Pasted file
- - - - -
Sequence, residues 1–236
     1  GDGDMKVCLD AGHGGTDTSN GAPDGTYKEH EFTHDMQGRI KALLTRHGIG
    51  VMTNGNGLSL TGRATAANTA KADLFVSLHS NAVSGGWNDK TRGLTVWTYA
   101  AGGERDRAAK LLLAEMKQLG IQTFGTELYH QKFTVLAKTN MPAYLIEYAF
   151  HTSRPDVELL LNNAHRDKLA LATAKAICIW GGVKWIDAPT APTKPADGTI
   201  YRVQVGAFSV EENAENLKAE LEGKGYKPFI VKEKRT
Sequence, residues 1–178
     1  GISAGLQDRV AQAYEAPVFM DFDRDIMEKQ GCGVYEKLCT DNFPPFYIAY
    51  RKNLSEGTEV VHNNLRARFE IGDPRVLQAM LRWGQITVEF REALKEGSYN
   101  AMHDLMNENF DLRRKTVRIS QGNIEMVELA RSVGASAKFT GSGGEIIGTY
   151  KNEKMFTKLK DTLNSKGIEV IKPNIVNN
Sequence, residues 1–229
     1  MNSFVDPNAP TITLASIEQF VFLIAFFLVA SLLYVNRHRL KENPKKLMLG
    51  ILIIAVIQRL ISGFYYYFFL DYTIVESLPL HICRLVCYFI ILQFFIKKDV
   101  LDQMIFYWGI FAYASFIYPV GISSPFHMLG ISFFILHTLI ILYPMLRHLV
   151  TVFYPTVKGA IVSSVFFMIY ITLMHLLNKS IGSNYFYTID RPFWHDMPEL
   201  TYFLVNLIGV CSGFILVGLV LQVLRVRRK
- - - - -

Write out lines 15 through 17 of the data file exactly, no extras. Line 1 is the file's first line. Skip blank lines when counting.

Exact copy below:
   101  LDQMIFYWGI FAYASFIYPV GISSPFHMLG ISFFILHTLI ILYPMLRHLV
   151  TVFYPTVKGA IVSSVFFMIY ITLMHLLNKS IGSNYFYTID RPFWHDMPEL
   201  TYFLVNLIGV CSGFILVGLV LQVLRVRRK